One of those teammates who'll be a sidekick for JRM and take the horns of the defense once he leaves is sophomore middle linebacker Darrin Kirkland Jr., who went from not even starting at the beginning of the year to being the team's second-leading tackler and an irreplaceable part of the defense.
Beyond those two, there are a lot of unknowns. Quart'e Sapp was one of the stars of the spring game and looks like the future of the second level of UT's defense, but he still doesn't really know how to harness all that speed and energy.
Cortez McDowell and Dillon Bates are former high-profile recruits who've not really been able to live up to their big expectations so far at UT. There's still plenty of time for both, but this year's lack of depth is a prime opportunity for one or both to assert himself as a player who deserves meaningful snaps.
UT has a couple of promising incoming freshmen in Daniel Bituli and Ja'Quain Blakely. The former looks like he could be Kirkland's heir apparent, and Blakely's speed is an asset that will be huge for Tennessee's defense in a couple of years.
The other position on Shoop's defense that won't have any trouble fielding a group with an immense amount of physical talent is the secondary.
A season ago, the group got better as the year progressed, but it was still a bit of a disappointment after everything that was expected. There are more options and more depth on this year's roster, and coach Willie Martinez shouldn't have a hard time keeping healthy battles.
One player who won't have to fight much for his spot is senior cornerback Cameron Sutton, who came back to Knoxville for his final season rather than become what would have likely been a high NFL draft pick. That's massive news for a UT secondary that needed a leader.
Beyond him, there's still plenty of potential. Justin Martin began to blossom late last season, though he didn't have the greatest spring practice. He'll probably battle Emmanuel Moseley for the other corner spot opposite Sutton.
At nickelback, senior Malik Foreman has a firm grasp on the job after ending the year as one of UT's top defensive playmakers down the stretch. He was a liability early on when he was thrust into the starting role following a Rashaan Gaulden injury, but he grew as the year went on.
Backing him up will be true freshman Marquill Osborne, who excited everybody with his spring practice after being Tennessee's only freshman early enrollee.
At safety, the Vols have a ton of depth and explosive players. Exiting spring, Gaulden and junior Todd Kelly Jr. were the starters, and that's a duo who could do big things on the back end of UT's defense.
They'd better, because of the glut of talent behind them. Junior All-American kick returner Evan Berry and sophomore Micah Abernathy will be in the mix for key reps, and Stephen Griffin could fill that role, too.
The wild card is Nigel Warrior, one of the most talented players in all of the nation coming out of high school who elected to follow in the footsteps of former UT All-American safety and his father, Dale Carter. Warrior is too talented to keep off the field.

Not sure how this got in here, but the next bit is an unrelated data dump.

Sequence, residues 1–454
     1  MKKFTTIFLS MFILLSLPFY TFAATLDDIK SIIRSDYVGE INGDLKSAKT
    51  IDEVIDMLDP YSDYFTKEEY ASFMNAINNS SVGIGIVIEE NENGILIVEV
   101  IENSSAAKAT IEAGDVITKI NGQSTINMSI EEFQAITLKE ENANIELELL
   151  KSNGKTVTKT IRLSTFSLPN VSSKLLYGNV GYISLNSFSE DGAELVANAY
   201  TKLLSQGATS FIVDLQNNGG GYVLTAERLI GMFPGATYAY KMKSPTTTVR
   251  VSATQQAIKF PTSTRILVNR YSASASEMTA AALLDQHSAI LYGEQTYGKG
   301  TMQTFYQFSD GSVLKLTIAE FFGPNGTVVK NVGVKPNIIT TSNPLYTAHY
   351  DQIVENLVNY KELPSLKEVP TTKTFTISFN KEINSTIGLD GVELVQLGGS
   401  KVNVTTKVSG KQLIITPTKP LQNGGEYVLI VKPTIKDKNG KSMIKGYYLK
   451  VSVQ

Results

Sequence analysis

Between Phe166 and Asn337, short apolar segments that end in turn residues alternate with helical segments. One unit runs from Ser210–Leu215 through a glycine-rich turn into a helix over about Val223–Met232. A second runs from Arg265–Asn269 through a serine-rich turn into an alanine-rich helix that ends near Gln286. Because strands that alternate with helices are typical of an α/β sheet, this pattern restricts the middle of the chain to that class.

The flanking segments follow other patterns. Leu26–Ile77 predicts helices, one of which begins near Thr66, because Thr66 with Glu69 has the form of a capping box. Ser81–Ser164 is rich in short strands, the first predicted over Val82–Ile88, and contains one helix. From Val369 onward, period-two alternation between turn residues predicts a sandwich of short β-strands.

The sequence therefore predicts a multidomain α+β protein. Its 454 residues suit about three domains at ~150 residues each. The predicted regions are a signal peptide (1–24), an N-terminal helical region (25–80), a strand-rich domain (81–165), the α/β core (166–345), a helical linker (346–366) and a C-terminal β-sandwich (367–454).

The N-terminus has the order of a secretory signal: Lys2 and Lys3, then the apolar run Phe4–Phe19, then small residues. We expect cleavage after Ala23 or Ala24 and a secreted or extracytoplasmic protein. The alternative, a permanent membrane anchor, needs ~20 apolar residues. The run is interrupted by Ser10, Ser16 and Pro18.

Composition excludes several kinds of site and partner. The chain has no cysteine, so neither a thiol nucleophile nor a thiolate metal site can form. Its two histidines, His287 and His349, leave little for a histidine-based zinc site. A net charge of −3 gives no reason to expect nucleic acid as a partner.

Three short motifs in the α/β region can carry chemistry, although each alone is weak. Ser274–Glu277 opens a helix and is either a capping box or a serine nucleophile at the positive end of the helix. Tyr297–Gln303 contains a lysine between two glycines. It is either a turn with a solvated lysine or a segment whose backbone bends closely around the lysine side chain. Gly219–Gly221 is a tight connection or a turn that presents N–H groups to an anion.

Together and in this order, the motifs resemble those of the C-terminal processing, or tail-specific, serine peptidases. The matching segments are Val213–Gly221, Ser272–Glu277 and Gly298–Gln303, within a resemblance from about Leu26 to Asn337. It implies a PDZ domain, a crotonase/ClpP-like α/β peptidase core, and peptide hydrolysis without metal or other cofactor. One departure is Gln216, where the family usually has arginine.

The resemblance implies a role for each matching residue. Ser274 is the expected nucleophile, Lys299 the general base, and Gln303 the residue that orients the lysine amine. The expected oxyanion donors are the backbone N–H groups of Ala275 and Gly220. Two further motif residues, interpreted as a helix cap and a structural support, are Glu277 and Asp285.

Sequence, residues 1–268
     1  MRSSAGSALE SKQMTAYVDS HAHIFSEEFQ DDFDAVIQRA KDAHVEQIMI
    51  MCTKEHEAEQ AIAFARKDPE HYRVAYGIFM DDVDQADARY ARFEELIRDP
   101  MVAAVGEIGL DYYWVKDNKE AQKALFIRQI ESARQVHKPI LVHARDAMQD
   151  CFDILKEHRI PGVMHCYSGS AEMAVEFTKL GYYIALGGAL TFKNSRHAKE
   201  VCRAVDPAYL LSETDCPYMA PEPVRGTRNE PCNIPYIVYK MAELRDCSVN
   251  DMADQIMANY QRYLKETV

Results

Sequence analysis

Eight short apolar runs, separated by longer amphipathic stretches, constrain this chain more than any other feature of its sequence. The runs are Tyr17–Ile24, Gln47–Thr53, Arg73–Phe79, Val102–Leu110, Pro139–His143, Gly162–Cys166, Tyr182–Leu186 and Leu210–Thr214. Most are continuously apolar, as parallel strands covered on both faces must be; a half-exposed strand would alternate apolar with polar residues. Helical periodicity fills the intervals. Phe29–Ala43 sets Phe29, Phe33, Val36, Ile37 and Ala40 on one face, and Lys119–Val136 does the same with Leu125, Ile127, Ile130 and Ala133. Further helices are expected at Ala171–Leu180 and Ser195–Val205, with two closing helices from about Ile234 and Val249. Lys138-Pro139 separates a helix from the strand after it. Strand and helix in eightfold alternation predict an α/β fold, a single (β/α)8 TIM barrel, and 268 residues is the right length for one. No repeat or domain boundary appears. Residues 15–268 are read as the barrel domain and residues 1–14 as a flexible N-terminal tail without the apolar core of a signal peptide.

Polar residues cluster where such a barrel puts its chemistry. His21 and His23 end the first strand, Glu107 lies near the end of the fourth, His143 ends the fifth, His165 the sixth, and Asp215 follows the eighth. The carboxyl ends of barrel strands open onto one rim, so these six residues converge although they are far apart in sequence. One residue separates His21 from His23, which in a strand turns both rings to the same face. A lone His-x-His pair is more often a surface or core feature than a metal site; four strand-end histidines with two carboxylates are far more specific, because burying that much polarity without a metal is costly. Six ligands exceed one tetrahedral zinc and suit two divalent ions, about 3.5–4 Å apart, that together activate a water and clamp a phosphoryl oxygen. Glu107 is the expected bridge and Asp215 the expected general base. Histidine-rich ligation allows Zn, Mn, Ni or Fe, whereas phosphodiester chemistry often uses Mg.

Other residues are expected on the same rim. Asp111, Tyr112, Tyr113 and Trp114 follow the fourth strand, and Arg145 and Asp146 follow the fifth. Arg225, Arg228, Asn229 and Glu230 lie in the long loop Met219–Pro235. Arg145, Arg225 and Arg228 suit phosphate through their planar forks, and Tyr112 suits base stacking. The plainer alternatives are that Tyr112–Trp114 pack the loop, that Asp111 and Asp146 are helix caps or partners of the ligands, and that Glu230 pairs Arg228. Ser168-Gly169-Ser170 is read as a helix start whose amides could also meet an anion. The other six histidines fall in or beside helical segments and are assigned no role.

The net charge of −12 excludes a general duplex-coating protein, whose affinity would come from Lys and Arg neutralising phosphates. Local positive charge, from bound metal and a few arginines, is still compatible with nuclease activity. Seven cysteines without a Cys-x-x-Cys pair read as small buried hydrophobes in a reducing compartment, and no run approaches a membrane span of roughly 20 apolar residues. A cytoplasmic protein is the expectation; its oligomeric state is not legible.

Baylen Buchanan, the son of former Atlanta Falcons All-Pro "Big Play" Ray Buchanan, also is coming in to Knoxville to battle this summer.
With that group and no premiere quarterbacks on UT's schedule, it could be a big year for Tennessee's defensive backfield.
Last but not least, the Vols special teams were dynamite a season ago, and everybody returns. So that's really good news for a team expecting to compete for a championship.
One of the team's biggest surprises a season ago was punter Trevor Daniel. The walk-on won the job in preseason drills and wound up being a weapon for the Vols throughout the year. He earned his scholarship and now should battle Alabama's JK Scott for the top punter in the SEC.
Junior kicker Aaron Medley had some forgettable moments a season ago (remember Alabama?), but he rebounded to have a solid season. The Lewisburg, Tennessee, native has one of the biggest legs in the league, and if he can improve his consistency, he can hit from anywhere inside 55 yards.
If Daniel falters, former U.S. Army All-American Tommy Townsend is waiting patiently his turn behind him. Medley's backup is a little more uncertain, but it could be Ootewah, Tennessee, walk-on Laszlo Toser.
There are few teams nationally who boasts the kind of kick-return talent as the Vols. Evan Berry was an All-American kick returner a season ago, and he was a threat to take it to the house any time he touched the ball.
At punt returner, Kamara and Sutton each returned punts for touchdowns. Teams got to where they'd purposefully kick away from the Vols every time they could.
You can't be bad in special teams or on the coverage units and expect to win big, and that's been one place that's been very strong under Jones' regime. The Vols expect it to be again in 2016.
All quotes and information gathered firsthand unless otherwise noted. All recruiting information gathered from 247Sports unless otherwise noted. All stats gathered at CFBStats.com unless otherwise noted.
Brad Shepard covers SEC football and is the Tennessee lead writer for Bleacher Report. Follow Brad on Twitter @Brad_Shepard.